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Family carers often at the limits of their capability

Thu, 08 Sep 2011 | By NNA staff

WITTEN/HERDECKE (NNA) - Family carers are exposed to great pressures which can often bring them to the edge of burnout. In many cases they give up their own lives and receive little support. It is not unusual for carers to become more ill than those they are caring for.

Now the nursing department at Witten/Herdecke University in Germany has developed and academically underpinned a comprehensive programme on behalf of the Unfallkasse Nordrhein-Westfalen accident insurance fund which aims to maintain the health of carers. The project is headed by Professor Angelika Zegelin.         

In the pilot towns of Dortmund and Solingen, the nursing services, counselling centres, doctors' surgeries, pharmacies, city councils and churches, along with other partners involved in care, have started working together to offer carers various kinds of support.

“Many people slip into caring before they know what has happened and know nothing about the opportunities for support that exist,” says Professor Zegelin. In addition, there are often no offers of assistance tailored to the carer, she adds. “Frequently carers feel more like supplicants and experience rejection rather than support.”

As well as offering expanded information opportunities, the first objective of the working group was to ensure that all agencies who come in to contact with carers become more sensitised to the problems. Thus such agencies have been trained to make those seeking help feel appreciated as well as giving them the assistance and information they require.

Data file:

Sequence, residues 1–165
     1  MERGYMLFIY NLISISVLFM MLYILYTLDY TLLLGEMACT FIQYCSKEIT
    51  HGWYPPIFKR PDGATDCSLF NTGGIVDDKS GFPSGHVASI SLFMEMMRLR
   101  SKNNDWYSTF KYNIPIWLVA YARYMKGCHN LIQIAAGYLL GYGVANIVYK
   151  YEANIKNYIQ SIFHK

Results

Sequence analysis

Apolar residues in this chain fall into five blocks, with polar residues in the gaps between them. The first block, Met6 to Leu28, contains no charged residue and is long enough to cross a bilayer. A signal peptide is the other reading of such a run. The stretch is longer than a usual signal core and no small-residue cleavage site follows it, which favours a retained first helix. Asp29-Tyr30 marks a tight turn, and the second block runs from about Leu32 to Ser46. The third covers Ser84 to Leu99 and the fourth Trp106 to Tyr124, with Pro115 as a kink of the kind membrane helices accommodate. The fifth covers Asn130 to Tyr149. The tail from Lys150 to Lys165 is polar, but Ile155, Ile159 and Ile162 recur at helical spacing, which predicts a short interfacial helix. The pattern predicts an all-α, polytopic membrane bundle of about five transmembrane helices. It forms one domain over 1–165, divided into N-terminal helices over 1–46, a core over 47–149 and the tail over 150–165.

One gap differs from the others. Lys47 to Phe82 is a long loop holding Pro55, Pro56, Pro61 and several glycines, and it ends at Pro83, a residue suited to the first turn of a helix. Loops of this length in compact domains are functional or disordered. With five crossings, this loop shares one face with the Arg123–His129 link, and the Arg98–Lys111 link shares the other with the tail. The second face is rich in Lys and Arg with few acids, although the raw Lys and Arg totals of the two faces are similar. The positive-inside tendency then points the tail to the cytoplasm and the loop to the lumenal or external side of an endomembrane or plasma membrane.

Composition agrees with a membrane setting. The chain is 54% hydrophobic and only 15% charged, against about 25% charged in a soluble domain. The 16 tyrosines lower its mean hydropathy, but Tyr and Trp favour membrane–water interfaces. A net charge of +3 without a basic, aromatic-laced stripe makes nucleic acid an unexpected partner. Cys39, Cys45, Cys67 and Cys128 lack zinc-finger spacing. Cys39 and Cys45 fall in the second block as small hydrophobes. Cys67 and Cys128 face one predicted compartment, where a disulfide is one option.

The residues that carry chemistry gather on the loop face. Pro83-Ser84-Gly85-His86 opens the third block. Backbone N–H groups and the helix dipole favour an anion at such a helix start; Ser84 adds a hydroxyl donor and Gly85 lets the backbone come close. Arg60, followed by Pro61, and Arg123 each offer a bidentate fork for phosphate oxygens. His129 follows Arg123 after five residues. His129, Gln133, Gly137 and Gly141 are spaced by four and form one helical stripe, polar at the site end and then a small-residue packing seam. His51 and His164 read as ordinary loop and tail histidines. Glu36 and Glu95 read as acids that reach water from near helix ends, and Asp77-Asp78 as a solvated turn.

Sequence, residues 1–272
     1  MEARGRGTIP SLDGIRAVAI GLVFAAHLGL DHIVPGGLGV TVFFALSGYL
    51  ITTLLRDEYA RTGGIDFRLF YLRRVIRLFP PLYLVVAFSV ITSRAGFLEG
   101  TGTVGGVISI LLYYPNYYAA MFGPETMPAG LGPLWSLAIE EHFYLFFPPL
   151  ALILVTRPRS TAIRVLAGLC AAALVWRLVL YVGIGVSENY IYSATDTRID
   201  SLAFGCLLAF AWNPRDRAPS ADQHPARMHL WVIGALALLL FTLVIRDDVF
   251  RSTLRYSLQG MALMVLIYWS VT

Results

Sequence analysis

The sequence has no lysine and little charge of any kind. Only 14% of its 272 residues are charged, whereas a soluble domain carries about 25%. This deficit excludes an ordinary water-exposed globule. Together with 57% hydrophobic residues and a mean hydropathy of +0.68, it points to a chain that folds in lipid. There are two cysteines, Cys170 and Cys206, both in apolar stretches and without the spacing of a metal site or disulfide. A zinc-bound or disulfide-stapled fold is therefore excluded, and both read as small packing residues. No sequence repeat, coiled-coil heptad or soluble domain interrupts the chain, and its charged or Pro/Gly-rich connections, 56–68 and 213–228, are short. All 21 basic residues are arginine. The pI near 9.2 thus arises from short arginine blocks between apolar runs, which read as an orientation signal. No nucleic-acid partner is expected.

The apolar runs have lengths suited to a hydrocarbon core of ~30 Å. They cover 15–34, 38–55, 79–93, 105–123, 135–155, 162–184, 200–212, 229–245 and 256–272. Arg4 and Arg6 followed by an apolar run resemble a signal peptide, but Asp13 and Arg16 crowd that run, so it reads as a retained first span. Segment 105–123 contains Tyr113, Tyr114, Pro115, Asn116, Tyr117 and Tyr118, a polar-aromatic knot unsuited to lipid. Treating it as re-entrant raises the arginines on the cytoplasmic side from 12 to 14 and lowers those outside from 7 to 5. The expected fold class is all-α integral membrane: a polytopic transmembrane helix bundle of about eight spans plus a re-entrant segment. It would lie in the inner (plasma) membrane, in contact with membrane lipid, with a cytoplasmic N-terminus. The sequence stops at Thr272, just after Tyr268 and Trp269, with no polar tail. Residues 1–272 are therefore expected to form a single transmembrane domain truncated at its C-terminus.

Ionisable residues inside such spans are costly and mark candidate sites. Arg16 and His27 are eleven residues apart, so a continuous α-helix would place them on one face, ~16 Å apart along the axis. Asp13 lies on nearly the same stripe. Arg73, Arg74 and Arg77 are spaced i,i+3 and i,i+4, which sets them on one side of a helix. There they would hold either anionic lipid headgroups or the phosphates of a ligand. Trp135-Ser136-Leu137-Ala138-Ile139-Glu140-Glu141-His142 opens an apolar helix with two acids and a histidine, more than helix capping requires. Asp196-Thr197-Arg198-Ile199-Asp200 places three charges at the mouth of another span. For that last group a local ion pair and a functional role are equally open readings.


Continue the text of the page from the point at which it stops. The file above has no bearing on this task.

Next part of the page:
Furthermore, support groups for carers are offered in the participating cities. One part of this is that help is organised to look after the cared for family member or relative while the carer is attending the group.

“The frequent problem is that the carers are often not in the position to take a bit of time out and think about themselves. They have to give up their hobbies and often even their own lives to care for a relative,” explains Professor Zegelin. “This must be taken into consideration when offering a support group, or other forms of support, and additional care for the family member must be provided while the carer is in attendance.”

In addition, a close mesh network of various opportunities for help and information has come into being, such as the organisation of drivers. There are church services that focus especially on carers, events to get information on care insurance and courses on “learning to nurse”.

Information about the programme can be found in doctors’ practices and in pharmacies, as this is mostly where first contact with carers is made.

A concept has also been developed for spa or rehabilitation treatment to help maintain the health of the carers themselves. But it has not so far been possible to implement this as financing for such a provision has not yet been secured.


Item: 110908-01EN Date: 8 September 2011

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